Any temperature above your body's normal temperature can induce a state of drowsiness, which can be potentially dangerous in a hot tub.
Circulate the water. If your inflatable hot tub doesn't have an automatic cycle, make sure you turn it on for 15 to 20 minutes twice a day to keep the water moving through the filter.
Don't forget your filter. The filter catches a great deal of the bad stuff in the water. Check your owner's manual to determine how often you need to clean or replace it.
Stay safe. Sanitizing (with bromine, usually) is how you get rid of the harmful bacteria that quickly builds up in your inflatable hot tub. You need to sanitize the water to keep it safe.
Test your water. The pH levels of your inflatable hot tub need to be balanced at around 7.2 to 7.6. If it’s too high, your sanitizer won't be as effective — too low and the water becomes more acidic and may irritate your skin. Test your water regularly to keep it properly balanced.
Add tennis balls. Tennis balls can absorb any oils in your water and are an easy way to help keep your hot tub clean.
Clean everything. When scrubbing down your inflatable hot tub, don't forget to wash the cover.
Drain it. If you use your inflatable hot tub frequently, there's a good chance you will need to change the water more often than every three or four months. Check your owner's manual for recommendations.
Make a schedule. Whether it's on a physical calendar or you use an app, make sure you set and stick to a cleaning schedule, so your water is always at its best.
Stock up. Always have items and chemicals needed for the care of your inflatable hot tub on hand (and safely stored). If you have to run out to the pool store every time you clean your inflatable hot tub, chances are that you won't be sticking to your maintenance schedule.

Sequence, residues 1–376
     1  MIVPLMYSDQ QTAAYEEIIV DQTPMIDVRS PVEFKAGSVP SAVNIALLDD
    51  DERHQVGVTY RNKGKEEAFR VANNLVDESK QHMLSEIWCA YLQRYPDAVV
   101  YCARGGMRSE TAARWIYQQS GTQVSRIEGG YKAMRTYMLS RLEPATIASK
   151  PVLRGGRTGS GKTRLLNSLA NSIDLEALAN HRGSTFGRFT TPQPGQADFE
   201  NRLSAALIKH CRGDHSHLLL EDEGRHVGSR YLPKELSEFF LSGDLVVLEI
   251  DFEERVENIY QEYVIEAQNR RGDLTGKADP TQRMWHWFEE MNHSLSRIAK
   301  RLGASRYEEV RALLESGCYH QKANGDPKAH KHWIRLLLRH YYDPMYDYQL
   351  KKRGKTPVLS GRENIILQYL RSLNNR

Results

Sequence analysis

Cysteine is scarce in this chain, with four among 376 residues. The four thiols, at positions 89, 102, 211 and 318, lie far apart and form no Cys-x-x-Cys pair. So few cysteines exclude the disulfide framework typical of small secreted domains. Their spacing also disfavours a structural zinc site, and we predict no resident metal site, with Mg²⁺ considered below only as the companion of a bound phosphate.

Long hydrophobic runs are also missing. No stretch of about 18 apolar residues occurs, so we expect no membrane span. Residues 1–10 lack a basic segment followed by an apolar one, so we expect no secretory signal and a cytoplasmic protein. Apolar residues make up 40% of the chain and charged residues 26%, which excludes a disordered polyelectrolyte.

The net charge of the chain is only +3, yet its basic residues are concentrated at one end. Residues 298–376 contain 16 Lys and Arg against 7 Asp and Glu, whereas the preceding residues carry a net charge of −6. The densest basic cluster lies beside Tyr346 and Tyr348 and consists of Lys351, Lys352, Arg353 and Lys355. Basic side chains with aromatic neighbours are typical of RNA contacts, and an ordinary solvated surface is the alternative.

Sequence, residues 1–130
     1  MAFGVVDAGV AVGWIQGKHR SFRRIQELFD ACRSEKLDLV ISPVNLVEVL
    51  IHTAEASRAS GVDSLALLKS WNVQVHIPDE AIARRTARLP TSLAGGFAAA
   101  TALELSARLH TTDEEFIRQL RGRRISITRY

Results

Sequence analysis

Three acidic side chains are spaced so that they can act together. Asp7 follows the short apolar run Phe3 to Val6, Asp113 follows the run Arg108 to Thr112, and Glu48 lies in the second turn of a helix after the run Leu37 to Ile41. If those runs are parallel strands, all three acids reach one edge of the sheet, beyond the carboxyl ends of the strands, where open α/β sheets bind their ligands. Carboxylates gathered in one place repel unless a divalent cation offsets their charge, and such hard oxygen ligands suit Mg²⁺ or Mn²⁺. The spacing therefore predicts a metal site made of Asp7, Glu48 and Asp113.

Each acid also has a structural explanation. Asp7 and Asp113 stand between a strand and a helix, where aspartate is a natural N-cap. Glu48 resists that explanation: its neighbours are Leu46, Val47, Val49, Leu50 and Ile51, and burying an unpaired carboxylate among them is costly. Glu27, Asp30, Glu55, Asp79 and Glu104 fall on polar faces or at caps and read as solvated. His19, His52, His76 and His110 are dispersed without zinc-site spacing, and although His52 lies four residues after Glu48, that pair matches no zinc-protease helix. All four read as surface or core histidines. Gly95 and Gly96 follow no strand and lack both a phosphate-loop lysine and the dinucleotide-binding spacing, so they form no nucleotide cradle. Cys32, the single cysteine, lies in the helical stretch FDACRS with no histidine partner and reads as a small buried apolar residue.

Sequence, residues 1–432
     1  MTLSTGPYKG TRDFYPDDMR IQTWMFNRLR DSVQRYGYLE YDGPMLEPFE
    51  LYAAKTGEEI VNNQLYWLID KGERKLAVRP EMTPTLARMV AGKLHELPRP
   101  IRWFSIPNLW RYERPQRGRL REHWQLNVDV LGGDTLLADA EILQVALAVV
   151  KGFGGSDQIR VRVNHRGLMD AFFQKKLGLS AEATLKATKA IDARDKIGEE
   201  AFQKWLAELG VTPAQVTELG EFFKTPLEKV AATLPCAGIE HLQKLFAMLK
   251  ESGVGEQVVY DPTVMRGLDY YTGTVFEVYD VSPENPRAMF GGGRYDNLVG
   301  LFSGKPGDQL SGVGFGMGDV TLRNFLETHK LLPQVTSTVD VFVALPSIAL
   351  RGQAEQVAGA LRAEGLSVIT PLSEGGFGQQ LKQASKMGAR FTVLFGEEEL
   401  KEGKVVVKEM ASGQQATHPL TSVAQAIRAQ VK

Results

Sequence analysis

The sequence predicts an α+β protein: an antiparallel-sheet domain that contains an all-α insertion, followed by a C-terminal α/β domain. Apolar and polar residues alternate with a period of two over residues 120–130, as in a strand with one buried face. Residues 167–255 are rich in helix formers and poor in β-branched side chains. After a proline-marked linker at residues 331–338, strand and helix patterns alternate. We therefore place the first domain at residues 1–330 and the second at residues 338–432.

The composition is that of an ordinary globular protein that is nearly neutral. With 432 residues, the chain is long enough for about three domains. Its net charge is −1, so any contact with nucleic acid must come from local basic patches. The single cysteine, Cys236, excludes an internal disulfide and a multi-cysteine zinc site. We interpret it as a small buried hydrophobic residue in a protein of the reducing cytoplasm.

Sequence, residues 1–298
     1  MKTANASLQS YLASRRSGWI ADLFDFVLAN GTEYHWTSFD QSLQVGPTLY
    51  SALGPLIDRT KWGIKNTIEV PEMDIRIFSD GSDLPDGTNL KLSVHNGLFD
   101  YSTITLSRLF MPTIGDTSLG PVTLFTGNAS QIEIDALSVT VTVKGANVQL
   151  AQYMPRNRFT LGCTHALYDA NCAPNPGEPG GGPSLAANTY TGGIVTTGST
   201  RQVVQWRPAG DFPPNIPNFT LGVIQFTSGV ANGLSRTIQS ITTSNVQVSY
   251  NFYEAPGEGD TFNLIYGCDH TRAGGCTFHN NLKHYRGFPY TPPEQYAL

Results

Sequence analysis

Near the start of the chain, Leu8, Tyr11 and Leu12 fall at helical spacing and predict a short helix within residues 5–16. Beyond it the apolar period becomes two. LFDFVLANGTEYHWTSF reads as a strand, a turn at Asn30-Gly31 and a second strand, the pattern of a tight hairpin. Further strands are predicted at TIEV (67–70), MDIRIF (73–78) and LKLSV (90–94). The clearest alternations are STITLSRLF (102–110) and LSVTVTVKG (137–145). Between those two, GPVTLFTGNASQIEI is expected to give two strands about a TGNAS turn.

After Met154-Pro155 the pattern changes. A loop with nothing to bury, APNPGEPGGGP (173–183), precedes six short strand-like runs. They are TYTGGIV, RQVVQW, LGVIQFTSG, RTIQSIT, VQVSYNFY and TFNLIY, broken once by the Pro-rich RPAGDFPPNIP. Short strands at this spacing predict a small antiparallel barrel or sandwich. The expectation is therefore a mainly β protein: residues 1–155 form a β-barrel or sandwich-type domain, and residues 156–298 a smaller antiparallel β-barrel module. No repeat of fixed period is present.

Q. Where is the best place to set up my inflatable hot tub?
A. An inflatable hot tub is extremely heavy when it is filled with water, weighing approximately the same as a compact car. For this reason, it is not a good idea to put it on a deck. The best place to set up your inflatable hot tub is on a concrete patio or a level spot in your yard. The area must be able to uniformly support the hot tub's full weight. Be sure there are no sharp objects or debris beneath your inflatable hot tub before setting it up. Your inflatable hot tub should be close enough to an outlet so you can easily plug it in but not so close that the outlet can be easily splashed.
Q. How much does an inflatable hot tub weigh?
A. Even unfilled, an inflatable hot tub can be quite heavy. Some may weigh as much as 100 pounds. Water weighs about 8.3 pounds per gallon. Add in the people and the hot tub itself, and the average inflatable hot tub is roughly around 2,700 pounds when filled.
Q. Can I use my inflatable hot tub in the winter?
A. It is possible to use your inflatable hot tub year-round if you take a few precautions. Most will not function adequately below 40°F. If you want to use it in the colder months, consider adding additional layers of insulation beneath the ground cloth before setting it up. Additionally, building an enclosure around your inflatable hot tub can help protect it from the elements. Some people have even set up their inflatable hot tubs inside of a garage (just be sure that any water that splashes out cannot damage anything or cause any safety issues inside the garage).